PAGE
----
Monday, November 29, 2021

Hillsborough and dispel the myths about standing while playing football

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“We could stand without the Scousers.” That grim, derogatory joke about the Hillsborough disaster has played at too many Premier League games in Liverpool over the years. In January it will be superfluous. For the first time in more than a quarter of a century, fans in the top division can legally stay on their feet.

It is perhaps appropriate that Chelsea’s home game against Liverpool on January 2nd is the first game in a pilot that introduces safe standing and monitors for the second half of the season. Stamford Bridge has been the site of some of the worst Hillsborough behavior. Manchester United, Manchester City and Tottenham Hotspur join Chelsea in the championship alongside Cardiff City. If the experiment is successful, there will be a broader introduction of standing room in the top two leagues, where no-seat areas have been banned since 1994 (barring grace periods for clubs moving up to the second division to rebuild their stadiums).

The trigger for the move to stadiums with only seats was the rush to Leppings Lane 32 years ago, in which 97 Liverpool supporters were killed in the semi-finals of the FA Cup against Nottingham Forest. The disaster remains one of the most misunderstood incidents in modern British history – to the point where Ian Byrne, MP for the Merseyside constituency of West Derby, put an early motion to Parliament on Monday proposing that Hillsborough be included in the National curriculum to be added to raise awareness. There is similar ignorance about the reintroduction of standing.

Just this week, an Arsenal fan blog asked, “Why go back to a formula that has failed?” in which 33 people died in a crush in 1946 is symptomatic of an argument based on a number of misunderstandings.

“The worst-kept secret in football is standing room every week,” said Pete Dakin, the Football Supporters’ Association’s Safe Standing Campaign coordinator. “In every stadium there are parts where the fans are on their feet for most of the 90 minutes.”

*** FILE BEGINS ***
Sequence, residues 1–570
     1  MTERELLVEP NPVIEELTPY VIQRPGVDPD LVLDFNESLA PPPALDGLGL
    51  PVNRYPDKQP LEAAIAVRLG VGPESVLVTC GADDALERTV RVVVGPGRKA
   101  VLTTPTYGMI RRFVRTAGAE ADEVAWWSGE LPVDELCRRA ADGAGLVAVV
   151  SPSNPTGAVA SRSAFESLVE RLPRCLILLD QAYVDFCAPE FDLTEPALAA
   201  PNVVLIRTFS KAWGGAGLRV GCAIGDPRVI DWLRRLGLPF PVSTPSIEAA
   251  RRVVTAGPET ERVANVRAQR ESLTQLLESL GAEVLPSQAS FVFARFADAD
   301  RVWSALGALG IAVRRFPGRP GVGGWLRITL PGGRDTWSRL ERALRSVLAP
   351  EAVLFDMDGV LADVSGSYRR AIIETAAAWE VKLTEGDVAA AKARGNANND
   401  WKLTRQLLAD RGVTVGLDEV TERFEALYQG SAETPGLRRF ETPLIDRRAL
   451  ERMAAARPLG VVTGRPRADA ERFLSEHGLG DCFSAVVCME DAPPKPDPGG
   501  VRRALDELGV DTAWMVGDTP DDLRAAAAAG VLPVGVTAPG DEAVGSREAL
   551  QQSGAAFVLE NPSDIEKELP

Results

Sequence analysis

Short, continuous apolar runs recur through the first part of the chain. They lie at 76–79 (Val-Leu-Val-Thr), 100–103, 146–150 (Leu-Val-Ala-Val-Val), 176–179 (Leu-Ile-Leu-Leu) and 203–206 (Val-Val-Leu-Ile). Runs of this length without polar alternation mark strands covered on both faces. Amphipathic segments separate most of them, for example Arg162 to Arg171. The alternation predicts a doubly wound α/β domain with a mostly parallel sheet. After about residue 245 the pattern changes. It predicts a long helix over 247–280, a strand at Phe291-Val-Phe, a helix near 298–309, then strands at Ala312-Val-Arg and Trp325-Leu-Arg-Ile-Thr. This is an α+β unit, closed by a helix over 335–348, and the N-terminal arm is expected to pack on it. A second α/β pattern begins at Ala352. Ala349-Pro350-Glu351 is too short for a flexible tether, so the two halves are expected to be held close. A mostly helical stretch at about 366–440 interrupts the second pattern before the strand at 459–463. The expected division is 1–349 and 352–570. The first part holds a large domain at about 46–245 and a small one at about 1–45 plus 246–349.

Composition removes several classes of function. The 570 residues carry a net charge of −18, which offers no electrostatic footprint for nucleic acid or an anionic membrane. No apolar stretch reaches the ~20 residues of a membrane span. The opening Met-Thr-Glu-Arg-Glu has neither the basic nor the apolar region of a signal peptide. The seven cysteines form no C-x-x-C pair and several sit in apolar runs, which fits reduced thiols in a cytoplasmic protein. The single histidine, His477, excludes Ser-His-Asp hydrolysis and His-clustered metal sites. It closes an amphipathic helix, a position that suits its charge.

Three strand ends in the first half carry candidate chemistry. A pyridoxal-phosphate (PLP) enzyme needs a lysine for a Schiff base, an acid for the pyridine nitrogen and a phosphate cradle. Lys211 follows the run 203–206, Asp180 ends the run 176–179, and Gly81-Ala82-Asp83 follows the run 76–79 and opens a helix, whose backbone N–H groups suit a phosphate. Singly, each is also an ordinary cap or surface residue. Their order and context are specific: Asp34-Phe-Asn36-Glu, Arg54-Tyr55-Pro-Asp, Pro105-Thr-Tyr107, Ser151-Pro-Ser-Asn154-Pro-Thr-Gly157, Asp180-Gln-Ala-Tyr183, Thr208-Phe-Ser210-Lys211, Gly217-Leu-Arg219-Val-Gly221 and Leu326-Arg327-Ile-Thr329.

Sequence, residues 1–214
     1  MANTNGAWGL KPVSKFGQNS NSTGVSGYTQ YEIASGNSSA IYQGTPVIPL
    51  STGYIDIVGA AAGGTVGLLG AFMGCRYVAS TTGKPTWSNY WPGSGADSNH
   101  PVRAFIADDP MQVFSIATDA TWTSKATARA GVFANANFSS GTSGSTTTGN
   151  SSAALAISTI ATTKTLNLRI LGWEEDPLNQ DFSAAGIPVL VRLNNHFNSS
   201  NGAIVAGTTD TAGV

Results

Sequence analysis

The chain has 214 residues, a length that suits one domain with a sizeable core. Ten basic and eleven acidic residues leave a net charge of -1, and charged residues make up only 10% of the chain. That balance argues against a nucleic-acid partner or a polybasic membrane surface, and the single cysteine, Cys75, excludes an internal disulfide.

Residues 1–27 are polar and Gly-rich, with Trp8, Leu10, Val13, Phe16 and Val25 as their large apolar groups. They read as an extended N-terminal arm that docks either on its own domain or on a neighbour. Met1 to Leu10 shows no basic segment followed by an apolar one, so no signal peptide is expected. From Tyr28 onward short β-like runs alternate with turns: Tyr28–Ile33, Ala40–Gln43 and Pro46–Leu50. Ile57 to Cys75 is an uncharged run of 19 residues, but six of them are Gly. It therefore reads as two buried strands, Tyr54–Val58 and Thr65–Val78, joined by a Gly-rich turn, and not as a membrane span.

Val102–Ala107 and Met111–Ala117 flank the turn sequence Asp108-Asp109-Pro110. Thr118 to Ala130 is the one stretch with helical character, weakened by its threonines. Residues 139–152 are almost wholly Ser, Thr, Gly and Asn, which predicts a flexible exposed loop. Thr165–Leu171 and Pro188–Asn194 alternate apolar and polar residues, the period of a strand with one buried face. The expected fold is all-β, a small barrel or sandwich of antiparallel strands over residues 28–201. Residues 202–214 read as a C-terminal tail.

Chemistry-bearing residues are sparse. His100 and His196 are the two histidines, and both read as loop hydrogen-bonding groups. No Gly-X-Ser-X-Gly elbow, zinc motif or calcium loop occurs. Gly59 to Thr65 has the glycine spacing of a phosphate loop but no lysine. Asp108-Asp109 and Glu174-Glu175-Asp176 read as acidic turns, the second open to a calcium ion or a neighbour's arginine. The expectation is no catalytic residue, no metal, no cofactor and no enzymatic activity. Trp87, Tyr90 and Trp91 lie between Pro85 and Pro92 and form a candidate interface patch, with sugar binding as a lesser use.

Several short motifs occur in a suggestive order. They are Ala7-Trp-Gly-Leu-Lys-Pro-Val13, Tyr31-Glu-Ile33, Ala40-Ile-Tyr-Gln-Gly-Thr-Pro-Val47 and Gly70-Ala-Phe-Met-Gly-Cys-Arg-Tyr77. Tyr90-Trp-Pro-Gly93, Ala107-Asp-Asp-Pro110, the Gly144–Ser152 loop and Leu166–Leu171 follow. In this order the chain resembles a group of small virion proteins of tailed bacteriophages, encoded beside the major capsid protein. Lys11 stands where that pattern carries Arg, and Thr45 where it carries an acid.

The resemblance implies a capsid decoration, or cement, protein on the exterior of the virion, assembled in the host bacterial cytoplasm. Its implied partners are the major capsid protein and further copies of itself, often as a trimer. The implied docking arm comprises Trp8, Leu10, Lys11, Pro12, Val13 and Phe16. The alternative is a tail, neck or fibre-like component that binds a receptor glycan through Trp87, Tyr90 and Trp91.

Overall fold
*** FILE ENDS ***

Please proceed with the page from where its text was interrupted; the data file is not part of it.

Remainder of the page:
Especially away goals are hard to keep. This creates problems for law enforcement and police trying to enforce the law or handling complaints from people who want to remain seated but find their view blocked.

“The system is fundamentally broken,” said Dakin. “Common sense has finally caught on.”

The redesign of the stadiums to get rid of the terracing came as part of Lord Justice Taylor’s investigation at Hillsborough. While the report concluded that “standing accommodation is not inherently unsafe”, the recommendation in favor of seating-only venues undermined that assessment.

Rick Parry was the first Premier League chairman in 1992 and is now chairman of the EFL. He remembers the mood back then. “I was surprised that no one had evidence that standing was unsafe,” he said. “There were minor arguments about estimating the capacity of decks, but the police failure that Hillsborough caused could have happened with seats. But nobody wanted to argue with Taylor. “

Richie Greaves, who was on Pen 3 on Leppings Lane and is now Secretary of the Hillsborough Survivors Support Association, agrees. “At first I was in favor of getting rid of standing,” he said. “It was an emotional thing. But it quickly became clear that standing wasn’t dangerous per se. I am wholeheartedly in favor of the introduction of safe standing. “